Innovative solutions for cancer care challenges during the pandemic
July 9, 2020
Drive-up testing and curbside labwork protects immune-compromised patients from being exposed to the coronavirus
The COVID-19 pandemic marks a tipping point for cancer care at the University of Chicago Medicine Comprehensive Cancer Center.
Virtual visits, curbside labwork and other pilot programs implemented to protect immune-compromised patients may be the new norm.
Medical oncologist Murtuza Rampurwala, MD, MPH, worried for months over his patients’ well-being. “Elderly patients especially are at the highest risk of developing infections and complications,” said Rampurwala, of UChicago Medicine Orland Park.
One challenge: To integrate new, “touchless” safeguards with hands-on treatments like chemotherapy and radiation therapies.
“Care continuity became more of an issue as time went by, and we realized the pandemic wasn’t going to end in a week or month,” Rampurwala said.
But cancer care is transforming. Amid an epidemic of hospital closures, UChicago Medicine is leveraging the talents and resources of its large, multisite network. For example, to improve safety and reduce risk, healthcare workers are traveling to the homes of patients to draw blood and collect samples for testing. This Hyde Park initiative has been adopted by UChicago Medicine Cancer Center at Silver Cross Hospital - New Lenox and is under consideration at UChicago Medicine Ingalls Memorial.
A system-wide challenge
While the COVID-19 statistics continue to emerge, the pandemic compelled UChicago Medicine to mitigate operational risks and share new methodologies to provide customized cancer care to patients. The key to success has been collective problem-solving.
Ambulatory Operations Director Bobby Lester summed up the mindset. “Cancer leadership and ambulatory leadership work in tandem to put virtual visits into place while also safely delivering in-person visits,” he said.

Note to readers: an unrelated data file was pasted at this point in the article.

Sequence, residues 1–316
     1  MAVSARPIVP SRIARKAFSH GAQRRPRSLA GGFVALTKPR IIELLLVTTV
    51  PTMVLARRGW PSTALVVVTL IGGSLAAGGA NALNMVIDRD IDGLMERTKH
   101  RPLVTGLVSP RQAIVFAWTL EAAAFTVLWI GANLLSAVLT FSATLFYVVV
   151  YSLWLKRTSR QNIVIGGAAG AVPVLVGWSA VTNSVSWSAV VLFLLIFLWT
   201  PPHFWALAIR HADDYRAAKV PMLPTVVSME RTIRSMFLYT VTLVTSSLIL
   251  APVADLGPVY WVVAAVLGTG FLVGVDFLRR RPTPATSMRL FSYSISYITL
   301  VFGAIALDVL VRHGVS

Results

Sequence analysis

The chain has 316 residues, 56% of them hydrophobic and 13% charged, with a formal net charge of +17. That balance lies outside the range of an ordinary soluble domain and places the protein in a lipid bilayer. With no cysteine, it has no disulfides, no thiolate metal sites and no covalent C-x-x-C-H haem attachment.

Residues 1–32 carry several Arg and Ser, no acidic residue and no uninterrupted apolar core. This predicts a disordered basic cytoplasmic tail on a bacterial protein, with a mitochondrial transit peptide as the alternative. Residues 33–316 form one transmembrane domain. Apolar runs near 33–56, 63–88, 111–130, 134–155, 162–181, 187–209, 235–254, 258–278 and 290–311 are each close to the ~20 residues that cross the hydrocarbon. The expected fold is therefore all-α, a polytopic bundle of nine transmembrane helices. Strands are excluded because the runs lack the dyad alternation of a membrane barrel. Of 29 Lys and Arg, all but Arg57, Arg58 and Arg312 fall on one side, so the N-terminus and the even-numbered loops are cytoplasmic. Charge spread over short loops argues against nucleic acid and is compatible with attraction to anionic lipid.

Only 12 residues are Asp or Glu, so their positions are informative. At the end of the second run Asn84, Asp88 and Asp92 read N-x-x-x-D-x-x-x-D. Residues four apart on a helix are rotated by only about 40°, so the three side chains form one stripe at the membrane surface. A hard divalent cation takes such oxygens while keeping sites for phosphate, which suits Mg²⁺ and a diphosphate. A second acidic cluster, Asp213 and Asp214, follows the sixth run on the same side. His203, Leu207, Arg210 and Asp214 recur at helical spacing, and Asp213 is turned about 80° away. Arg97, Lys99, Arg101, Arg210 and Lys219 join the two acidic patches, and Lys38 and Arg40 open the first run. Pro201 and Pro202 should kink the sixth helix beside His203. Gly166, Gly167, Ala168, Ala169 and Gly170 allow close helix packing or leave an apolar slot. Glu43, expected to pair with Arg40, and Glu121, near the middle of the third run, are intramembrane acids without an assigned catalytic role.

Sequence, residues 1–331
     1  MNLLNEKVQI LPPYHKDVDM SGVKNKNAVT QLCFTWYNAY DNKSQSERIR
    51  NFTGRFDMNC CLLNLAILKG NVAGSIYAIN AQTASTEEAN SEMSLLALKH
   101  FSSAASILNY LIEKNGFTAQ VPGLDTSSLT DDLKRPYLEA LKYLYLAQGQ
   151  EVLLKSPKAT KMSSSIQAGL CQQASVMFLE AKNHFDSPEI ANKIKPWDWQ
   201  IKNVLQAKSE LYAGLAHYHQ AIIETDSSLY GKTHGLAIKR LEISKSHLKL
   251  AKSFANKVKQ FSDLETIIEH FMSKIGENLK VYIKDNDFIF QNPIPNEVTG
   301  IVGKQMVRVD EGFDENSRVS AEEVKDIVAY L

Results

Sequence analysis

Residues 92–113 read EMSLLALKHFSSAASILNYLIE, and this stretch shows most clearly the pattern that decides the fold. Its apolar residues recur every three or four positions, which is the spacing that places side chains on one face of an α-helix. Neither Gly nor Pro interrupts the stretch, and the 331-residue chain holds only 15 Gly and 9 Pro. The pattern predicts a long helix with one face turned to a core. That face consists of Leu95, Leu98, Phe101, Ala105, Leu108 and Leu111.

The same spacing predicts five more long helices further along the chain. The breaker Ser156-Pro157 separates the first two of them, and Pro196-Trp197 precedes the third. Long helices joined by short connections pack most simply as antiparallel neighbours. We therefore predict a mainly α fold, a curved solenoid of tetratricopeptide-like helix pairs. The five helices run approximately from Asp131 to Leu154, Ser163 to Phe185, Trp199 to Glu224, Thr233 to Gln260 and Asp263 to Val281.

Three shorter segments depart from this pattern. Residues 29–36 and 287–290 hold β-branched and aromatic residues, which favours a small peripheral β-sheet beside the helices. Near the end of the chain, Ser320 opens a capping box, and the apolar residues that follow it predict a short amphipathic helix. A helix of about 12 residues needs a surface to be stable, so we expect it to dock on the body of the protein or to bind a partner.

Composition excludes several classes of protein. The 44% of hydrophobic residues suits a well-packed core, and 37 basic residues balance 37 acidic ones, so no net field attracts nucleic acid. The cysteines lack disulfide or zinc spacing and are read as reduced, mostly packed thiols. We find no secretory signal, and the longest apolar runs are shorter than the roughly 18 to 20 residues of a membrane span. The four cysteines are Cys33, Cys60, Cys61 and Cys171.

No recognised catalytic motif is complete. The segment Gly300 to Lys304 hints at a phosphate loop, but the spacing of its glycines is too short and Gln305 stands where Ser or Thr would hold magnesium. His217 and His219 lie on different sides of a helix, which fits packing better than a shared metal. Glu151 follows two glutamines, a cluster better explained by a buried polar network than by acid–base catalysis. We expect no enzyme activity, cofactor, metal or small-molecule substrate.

About 8,500 cancer patients are treated annually in Hyde Park and off-site clinics. The majority of their care is delivered at outpatient settings at the Duchossois Center for Advanced Medicine (DCAM) and suburban locations.
The latter includes the UChicago Medicine Cancer Center at Silver Cross Hospital - New Lenox and UChicago Medicine Orland Park. The Center for Care and Discovery (CCD) in Hyde Park, and the 478-bed facility at Ingalls Memorial provide inpatient care.
When the COVID-19 pandemic spread to the United States in January, the medical center activated its Hospital Incident Command System (HICS) to address the threat. Chief Compliance Officer Krista Curell, JD, RN, serves as commander.
Under the leadership of Curell, Vice President of Risk Management and Patient Safety, the multidisciplinary team assessed operations organization-wide. Triage and separate clinical units were set up for COVID-19 patients at the CCD and Ingalls Memorial. New protocols included universal masking, limited points of entry and social distancing.
As for oncology services, overseen by Sonali M. Smith, MD, interim Section Chief of Hematology and Oncology, and Mitchell Posner, MD, Chief of Surgical Oncology and Physician-in-Chief of the UChicago Medicine Comprehensive Cancer Center, delayable surgeries and treatments were postponed. Entry of new patients onto clinical trials was paused.
Yet cancer keeps its own timetable. In late March, telehealth was launched as a real-time bridge and alternate to in-person care.
Pilots take off
Among the first users were members of the hematology/oncology teams on the main campus, many of whom remained on-site to coordinate and facilitate virtual visits with patients.
The hematology-oncology outpatient clinic, which logged nearly 6,000 clinic visits in February, saw in-person appointments dip to 4,440 (-24%) visits in March. April visits declined to 1,400 (-68%).
Meanwhile, telemedicine gained ground. Laptop and smartphone conferences, nonexistent in March, accounted for almost 1,900 interactions (1,290 videoconferences, 570 phone calls) between May 1 and May 20.
“Now, about 60 percent of our current volume is done via video,” Lester said. “We see patients on campus when they come for radiation therapy, and when appointments align with other scheduled treatments, such as chemotherapy.”
Under the Coronavirus Aid, Relief and Economic Security Act, also known as the CARES Act, the Centers for Medicare and Medicaid Services (CMS) backed telemedicine on March 17, authorizing temporary payments to clinicians providing the services to Medicare recipients. Illinois Governor J.B. Pritzker followed up March 19, relaxing state restrictions to make telehealth billable and reimbursable by insurers until further notice.